Recognition of the daunting challenges still facing a democratically emboldened Burma was a focal point of the first public remarks on Tuesday by new US Ambassador Scot Marciel, whose country counts the Southeast Asian nation’s political transition among its foreign policy successes.
Ongoing conflict between the Burma Army and ethnic rebel groups, simmering religious tensions and a Constitution that entrenches the military’s role in politics were among the concerns that Washington would continue to expect progress on in the years ahead, said Marciel, speaking to media and civil society groups in Rangoon.
“A lot has changed,” he said, referring to this year’s historic transfer of power from the military-backed Union Solidarity and Development Party (USDP) to the National League for Democracy (NLD) led by Aung San Suu Kyi.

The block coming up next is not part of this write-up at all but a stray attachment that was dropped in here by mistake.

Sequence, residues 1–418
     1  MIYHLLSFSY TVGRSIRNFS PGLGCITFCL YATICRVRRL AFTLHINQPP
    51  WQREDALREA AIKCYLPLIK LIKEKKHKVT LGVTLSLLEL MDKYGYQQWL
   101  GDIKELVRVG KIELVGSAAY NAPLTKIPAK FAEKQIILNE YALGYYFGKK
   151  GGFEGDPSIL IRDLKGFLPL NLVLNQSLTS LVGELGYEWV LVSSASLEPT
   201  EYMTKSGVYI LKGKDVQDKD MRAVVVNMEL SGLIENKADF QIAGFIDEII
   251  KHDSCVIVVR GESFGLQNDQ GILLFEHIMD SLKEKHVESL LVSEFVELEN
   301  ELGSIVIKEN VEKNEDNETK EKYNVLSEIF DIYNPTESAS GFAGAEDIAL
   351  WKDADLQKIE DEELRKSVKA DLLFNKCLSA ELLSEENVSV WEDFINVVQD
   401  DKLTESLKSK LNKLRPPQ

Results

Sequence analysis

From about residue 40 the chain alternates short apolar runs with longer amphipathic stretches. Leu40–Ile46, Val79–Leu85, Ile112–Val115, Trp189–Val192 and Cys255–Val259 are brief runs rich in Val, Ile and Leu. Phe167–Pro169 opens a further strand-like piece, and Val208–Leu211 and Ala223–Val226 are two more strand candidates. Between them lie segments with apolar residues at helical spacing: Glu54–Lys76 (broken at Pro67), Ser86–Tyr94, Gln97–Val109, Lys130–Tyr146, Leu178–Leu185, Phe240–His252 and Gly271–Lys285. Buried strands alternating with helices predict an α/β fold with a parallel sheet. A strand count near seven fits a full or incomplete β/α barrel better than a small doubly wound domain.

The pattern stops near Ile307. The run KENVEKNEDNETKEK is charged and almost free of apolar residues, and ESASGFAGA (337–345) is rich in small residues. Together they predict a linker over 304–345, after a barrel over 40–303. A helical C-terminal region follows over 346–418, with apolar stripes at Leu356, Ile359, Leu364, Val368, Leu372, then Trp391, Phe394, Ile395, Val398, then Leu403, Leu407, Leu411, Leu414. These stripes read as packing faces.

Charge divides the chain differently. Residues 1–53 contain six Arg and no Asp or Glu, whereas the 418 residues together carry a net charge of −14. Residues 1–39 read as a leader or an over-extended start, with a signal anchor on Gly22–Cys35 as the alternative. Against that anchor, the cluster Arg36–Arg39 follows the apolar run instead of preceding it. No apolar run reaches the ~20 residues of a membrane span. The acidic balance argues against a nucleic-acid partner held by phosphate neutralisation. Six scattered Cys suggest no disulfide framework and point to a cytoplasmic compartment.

“But our goal, the United States’ goal, remains the same: We want to see a peaceful, prosperous, democratic Myanmar. One whose people live in harmony and enjoy full rights.”
On those fronts, Washington feels there is room for improvement over the NLD’s expectations-laden term, which began last month, though the American ambassador made a point to stress that it was not for the United States to determine “internal” matters such as how best to end decades of civil war in Burma’s frontier regions.
Full story: Irrawady
Myanmar/Burma political news and updates.
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